A brief overview of the history of music

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a Breif overview of the history of music in film

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  • 1. A BRIEF OVERVIEW OF THE HISTORY OFMUSIC IN CINEMA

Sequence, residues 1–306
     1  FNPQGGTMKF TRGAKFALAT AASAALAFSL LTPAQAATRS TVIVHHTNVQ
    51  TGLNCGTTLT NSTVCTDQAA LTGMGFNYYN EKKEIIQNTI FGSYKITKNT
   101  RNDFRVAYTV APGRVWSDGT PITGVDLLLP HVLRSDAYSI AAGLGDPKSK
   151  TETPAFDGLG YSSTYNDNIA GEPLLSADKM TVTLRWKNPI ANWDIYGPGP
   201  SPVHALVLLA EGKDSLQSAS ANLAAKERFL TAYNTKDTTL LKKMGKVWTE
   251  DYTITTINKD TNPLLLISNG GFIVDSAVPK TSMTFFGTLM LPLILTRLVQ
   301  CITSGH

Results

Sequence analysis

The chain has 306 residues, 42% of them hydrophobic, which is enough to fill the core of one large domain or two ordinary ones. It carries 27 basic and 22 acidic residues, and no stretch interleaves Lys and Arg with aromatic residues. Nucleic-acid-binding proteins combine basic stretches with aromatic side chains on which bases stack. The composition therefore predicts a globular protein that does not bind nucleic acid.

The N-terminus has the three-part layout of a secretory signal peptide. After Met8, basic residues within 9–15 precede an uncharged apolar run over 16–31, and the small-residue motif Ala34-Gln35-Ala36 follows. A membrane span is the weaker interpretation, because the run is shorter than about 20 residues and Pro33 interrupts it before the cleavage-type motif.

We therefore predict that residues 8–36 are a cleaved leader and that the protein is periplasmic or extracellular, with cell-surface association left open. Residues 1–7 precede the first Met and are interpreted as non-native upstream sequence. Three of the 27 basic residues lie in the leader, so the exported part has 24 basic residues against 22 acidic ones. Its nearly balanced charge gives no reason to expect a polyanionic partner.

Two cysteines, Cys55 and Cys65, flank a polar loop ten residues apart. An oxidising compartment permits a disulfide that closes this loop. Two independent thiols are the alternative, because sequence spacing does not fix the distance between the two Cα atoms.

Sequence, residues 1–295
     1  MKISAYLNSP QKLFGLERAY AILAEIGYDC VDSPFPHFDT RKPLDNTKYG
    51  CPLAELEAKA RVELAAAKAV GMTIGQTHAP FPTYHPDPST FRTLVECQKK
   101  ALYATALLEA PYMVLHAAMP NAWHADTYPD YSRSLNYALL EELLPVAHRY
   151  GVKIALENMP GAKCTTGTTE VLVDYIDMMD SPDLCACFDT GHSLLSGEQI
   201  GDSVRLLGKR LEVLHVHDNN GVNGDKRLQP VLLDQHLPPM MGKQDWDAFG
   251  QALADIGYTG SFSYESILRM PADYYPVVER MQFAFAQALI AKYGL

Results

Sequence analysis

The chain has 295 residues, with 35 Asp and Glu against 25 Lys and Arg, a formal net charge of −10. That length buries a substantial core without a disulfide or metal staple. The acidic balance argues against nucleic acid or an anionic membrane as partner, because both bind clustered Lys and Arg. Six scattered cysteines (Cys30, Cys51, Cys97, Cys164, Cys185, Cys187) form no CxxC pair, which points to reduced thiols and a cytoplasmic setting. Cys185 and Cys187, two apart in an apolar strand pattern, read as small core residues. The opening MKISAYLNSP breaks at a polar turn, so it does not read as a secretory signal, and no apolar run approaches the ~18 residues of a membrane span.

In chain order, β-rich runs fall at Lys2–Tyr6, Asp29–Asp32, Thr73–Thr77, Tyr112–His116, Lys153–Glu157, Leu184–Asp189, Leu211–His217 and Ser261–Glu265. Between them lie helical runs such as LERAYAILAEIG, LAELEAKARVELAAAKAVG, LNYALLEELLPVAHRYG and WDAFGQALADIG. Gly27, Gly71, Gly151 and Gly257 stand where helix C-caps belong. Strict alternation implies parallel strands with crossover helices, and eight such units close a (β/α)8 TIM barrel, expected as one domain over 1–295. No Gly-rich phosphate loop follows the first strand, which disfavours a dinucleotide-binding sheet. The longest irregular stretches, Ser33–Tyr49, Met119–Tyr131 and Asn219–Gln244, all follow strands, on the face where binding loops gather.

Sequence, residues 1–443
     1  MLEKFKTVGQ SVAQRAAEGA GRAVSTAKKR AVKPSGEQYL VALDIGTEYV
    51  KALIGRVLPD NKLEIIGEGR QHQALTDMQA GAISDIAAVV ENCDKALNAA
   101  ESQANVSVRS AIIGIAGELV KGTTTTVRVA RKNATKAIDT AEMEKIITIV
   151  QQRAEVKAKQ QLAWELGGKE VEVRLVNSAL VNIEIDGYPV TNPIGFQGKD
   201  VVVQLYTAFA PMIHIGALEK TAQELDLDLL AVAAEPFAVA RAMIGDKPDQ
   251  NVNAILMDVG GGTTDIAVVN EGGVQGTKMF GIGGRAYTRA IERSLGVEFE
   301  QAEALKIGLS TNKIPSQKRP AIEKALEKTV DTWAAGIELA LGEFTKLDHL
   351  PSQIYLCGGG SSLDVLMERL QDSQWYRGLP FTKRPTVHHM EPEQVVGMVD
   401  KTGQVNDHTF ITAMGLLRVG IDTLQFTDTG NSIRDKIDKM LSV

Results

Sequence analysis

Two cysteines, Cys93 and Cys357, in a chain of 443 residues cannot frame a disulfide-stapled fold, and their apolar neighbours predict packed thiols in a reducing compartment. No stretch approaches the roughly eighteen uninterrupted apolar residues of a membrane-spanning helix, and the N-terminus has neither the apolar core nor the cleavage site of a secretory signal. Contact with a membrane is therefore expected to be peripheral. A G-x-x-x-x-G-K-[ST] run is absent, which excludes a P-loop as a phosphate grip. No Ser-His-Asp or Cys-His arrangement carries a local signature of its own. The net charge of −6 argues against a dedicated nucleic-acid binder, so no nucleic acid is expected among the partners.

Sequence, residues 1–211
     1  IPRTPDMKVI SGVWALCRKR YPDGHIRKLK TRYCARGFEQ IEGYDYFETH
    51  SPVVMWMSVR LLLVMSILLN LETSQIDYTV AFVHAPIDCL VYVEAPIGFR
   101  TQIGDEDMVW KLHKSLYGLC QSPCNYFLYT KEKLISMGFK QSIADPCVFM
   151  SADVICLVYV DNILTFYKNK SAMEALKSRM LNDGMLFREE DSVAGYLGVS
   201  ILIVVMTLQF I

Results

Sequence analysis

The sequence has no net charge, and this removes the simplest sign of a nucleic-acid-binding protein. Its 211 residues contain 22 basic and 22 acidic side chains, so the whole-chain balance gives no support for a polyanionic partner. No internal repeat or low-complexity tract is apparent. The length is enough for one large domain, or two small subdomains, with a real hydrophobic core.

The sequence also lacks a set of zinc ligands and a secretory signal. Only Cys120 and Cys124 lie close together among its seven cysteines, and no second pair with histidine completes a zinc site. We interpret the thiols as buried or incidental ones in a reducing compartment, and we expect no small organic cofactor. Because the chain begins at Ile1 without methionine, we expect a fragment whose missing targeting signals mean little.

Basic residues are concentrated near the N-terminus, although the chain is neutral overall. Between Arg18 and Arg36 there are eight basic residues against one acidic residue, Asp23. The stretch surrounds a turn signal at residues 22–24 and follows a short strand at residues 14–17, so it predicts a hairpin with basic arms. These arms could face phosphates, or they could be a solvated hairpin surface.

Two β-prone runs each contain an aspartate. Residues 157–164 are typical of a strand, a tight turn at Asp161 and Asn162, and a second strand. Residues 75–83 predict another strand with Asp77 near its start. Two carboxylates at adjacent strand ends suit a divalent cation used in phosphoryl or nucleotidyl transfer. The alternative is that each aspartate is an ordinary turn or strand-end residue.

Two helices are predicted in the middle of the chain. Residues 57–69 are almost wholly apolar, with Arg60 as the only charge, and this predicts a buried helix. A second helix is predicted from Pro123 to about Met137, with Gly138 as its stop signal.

2. ROOTS The root of music in film harks back to the Greek melodrams across between a play and fledgling opera in which spoken word isaccompanied by music Melodrams then developed into operas, then number operas (thosecomposed of a collection of closed pieces) , continuous operas (thoseincluding nonstop music), This resulted in the invention of leitmotifs or themes recurring throughouta work that were meant to evoke associations with an idea, character, orplace ( Wagner) Wagner pioneered the idea of pairing all of the arts together in an opera- for example, music (the score), poetry (libretto), and painting (scenery)- without giving precedence to any of them. Named it Gesamtkunstwerk, it was a revolutionary idea, but didntgain popularity 3. PROGRESSION (SILENT MOVIES) First known pairing of music in film was December 28, 1895 when aParisian family (the Lumieres) gave a screening with pianoaccompaniment to test public reaction to their films The idea caught on quickly, and less than two months later entireorchestras were accompanying films in London theaters Music at the time was surely not intended to affect the films emotionalimport, the compositions played ranged from light popular music totraditional classical, with no relation to the subject of the film whatsoeverThe exact reasoning behind using music in conjunction with the silentfilm is the subject of much speculation. Popular opinion among musictheorists holds that its purpose was manifold: to cover up the sound of anoisy projector, and later, when technology quieted the latter, toalleviate uncomfortable silence. 4. THE FIRST FUNDAMENTAL STEP Directors began to realize that unrelated music detractedfrom the movies in which they were used Music handbooks, compendiums of musical themes meantto suit a particular action, style, scene, or mood, drawing onWagners leitmotif principle. These themes were categorized by general names such as"Nature," "Nation and Society," and "Church and State," aswell as more specific ones, like "Happy," "Climbing," "Night:threatening mood," and "Impending doom: something isgoing to happen. This developed further when sound in film was created. Filmscoring as we know it today